There have been uncounted trillions of pixels darkened across the Bluegrass State and beyond talking about the excitement and expectations of John Calipari's ascension to the throne of the most storied college basketball program in America. But as we have seen with the last two coaches, and as William Shakespeare so eloquently put it, "Uneasy lies the head that wears the crown."
So what would success look like for John Calipari next year? While it is true that he is bringing in arguably the best recruiting class in modern college basketball history and returns some senior leadership as well as the mighty Patrick Patterson, the expectations for Calipari's first year as coach are pretty much of the charts high. But we have seen as recently as 2004-2005 that great recruiting classes don't always turn into what we hope they will, and that a surfeit of young but talented players do not ensure success.
I think what the Big Blue Nation should consider is what kind of season would qualify as a success for UK next season. Obviously, with the huge influx of talent and return of Patrick Patterson, it would be hard to stomach anything less than a regular-season SEC championship or a second-place finish followed by an SEC tournament championship. But then what? With pundits placing Kentucky in various places from second to the high twenties in the land pre-season, there is a lot of variation of opinion about where UK ranks on the national scale.
But no matter where the pundits come in, the real opinions that matter are those of a Kentucky fan base who has suffered through four consecutive years of up-and-down expectations and disappointment after disappointment. In fact, discounting the Las Vegas Invitational championship of last year, it has been five years this March since UK celebrated a tournament championship of any kind, the longest such strech since before Adolph Rupp coached the team. From 1993 to 2005, UK enjoyed great success in the SEC and NCAA tournaments, but those years now seem very far in the rear-view mirror.
UK seems poised to compete for the SEC championship this year as it has not in recent years, but there are plenty of obstacles in their way, from a Tyler Smith-led Tennessee Volunteers team to a stronger Florida team to a returning Devan Downey and Dominique Archie at South Carolina, not to mention a resurgent Ole Miss, solid LSU and a dangerous-looking Mississippi State team. No matter how good the Wildcats look on paper, they will be the least-experienced team from top to bottom that UK has fielded in many years. Combine that with sky-high expectations with John Calipari as the head coach, and you can see why I wonder where the combination of fan's heads in the clouds and young, inexperienced but supremely talented feet on the court will lead.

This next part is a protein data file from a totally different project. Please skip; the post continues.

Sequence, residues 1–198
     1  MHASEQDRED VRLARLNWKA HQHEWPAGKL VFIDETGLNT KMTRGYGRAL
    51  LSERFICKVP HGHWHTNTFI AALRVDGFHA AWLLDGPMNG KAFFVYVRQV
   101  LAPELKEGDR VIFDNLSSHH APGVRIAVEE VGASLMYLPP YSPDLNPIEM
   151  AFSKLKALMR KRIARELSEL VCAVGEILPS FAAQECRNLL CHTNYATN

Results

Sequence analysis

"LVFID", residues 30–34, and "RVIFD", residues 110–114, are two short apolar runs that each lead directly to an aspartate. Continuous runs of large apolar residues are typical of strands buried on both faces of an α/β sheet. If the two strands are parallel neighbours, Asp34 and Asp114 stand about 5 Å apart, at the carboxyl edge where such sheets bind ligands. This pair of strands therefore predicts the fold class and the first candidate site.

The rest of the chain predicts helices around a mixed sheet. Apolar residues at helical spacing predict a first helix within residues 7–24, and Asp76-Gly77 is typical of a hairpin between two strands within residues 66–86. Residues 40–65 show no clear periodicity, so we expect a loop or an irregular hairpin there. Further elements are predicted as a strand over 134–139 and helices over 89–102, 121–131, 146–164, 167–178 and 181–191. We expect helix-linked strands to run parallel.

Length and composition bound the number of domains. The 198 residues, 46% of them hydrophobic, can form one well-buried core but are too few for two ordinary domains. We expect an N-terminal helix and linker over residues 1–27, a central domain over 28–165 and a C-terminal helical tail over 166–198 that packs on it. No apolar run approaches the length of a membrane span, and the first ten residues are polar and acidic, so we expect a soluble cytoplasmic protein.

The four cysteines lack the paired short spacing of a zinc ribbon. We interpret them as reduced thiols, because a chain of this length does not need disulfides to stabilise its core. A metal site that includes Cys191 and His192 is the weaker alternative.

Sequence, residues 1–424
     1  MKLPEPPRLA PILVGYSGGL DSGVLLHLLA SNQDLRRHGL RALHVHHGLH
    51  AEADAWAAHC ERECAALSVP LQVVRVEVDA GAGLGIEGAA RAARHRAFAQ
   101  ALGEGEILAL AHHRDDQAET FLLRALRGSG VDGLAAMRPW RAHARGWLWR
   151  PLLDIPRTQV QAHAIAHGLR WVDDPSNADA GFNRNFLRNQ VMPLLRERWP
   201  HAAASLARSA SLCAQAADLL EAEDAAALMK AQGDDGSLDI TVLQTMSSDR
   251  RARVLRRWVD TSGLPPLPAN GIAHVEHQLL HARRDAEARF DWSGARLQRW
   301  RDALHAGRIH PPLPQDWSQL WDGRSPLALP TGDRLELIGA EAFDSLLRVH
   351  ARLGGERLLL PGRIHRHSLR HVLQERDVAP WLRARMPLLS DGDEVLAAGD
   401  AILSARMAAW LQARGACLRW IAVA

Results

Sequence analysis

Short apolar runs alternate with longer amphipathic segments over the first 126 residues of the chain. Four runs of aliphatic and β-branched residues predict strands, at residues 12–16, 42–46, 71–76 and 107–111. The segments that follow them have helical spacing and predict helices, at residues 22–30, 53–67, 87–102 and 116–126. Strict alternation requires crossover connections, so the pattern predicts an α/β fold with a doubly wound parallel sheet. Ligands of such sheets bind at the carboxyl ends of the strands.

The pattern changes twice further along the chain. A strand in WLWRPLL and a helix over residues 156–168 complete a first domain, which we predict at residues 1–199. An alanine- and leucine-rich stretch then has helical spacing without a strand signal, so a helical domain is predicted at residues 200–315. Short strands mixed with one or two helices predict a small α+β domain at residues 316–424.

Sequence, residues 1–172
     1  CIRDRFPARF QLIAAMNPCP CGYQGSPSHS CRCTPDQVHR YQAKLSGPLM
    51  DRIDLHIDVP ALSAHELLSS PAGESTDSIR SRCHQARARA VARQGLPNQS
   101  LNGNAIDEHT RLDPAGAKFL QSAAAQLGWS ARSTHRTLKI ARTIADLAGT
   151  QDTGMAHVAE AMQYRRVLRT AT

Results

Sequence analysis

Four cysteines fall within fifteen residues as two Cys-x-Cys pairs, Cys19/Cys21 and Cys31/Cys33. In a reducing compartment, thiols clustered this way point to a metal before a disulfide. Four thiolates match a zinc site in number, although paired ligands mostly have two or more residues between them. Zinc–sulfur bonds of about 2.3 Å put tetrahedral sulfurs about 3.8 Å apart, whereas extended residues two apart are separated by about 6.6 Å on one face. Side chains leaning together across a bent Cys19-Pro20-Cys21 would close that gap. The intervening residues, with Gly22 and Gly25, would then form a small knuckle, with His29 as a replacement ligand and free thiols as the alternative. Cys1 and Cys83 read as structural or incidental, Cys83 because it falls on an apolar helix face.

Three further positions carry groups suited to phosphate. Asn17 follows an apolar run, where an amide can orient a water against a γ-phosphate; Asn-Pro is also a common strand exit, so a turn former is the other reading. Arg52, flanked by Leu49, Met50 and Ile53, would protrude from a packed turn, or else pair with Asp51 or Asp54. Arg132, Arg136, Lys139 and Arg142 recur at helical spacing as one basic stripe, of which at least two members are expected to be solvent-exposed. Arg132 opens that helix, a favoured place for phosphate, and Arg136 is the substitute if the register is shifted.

While I doubt that UK fans will turn on and rend Calipari should the Wildcats come up short of whatever their expectations are this year, there is a danger that fans could fall prey to nation media naysaying if UK has some unexpected losses. The unacceptable early-season losses to Gardener-Webb and VMI all but doomed the two seasons of Billy Gillispie, as those types of miscues simply cannot be forgiven a UK coach versus such poor competition at home. I don't expect that to happen under Calipari, but there will likely be some surprises and disappointments along the way to whatever fate awaits next year's team -- glory, ignominy, or something in-between.
In the end, calling for tempering of expectations is not something that would work right now. Kentucky fans fully qualify, by UK historical standards at least, of being considred long-sufferening and hungry for the excitement to return to the UK program. John Calipari has unquestionably accomplished that with his stellar recruiting class and complete domination of the local "buzz" via the magic of Twitter and his sheer energy and willingness to be seen and interviewed by media of all stripes. Intentional or not, Calipari has been a major part of raising the expectations of UK fans and has done precious little to allow reality to intrude. Of course, the coach still has plenty of time to do that as the season approaches in earnest, and generating all this excitement and elevated hopes now will be easier to manage later after the initial euphoria has begun to wear off a bit.
So what say you, ladies and gentlemen of the Big Blue Nation? What does a successful first season look like for John Calipari and the new-look Wildcats? An SEC championship and a Sweet Sixteen? A Great Eight? A Final Four? Where do you draw the line between success and disappointment?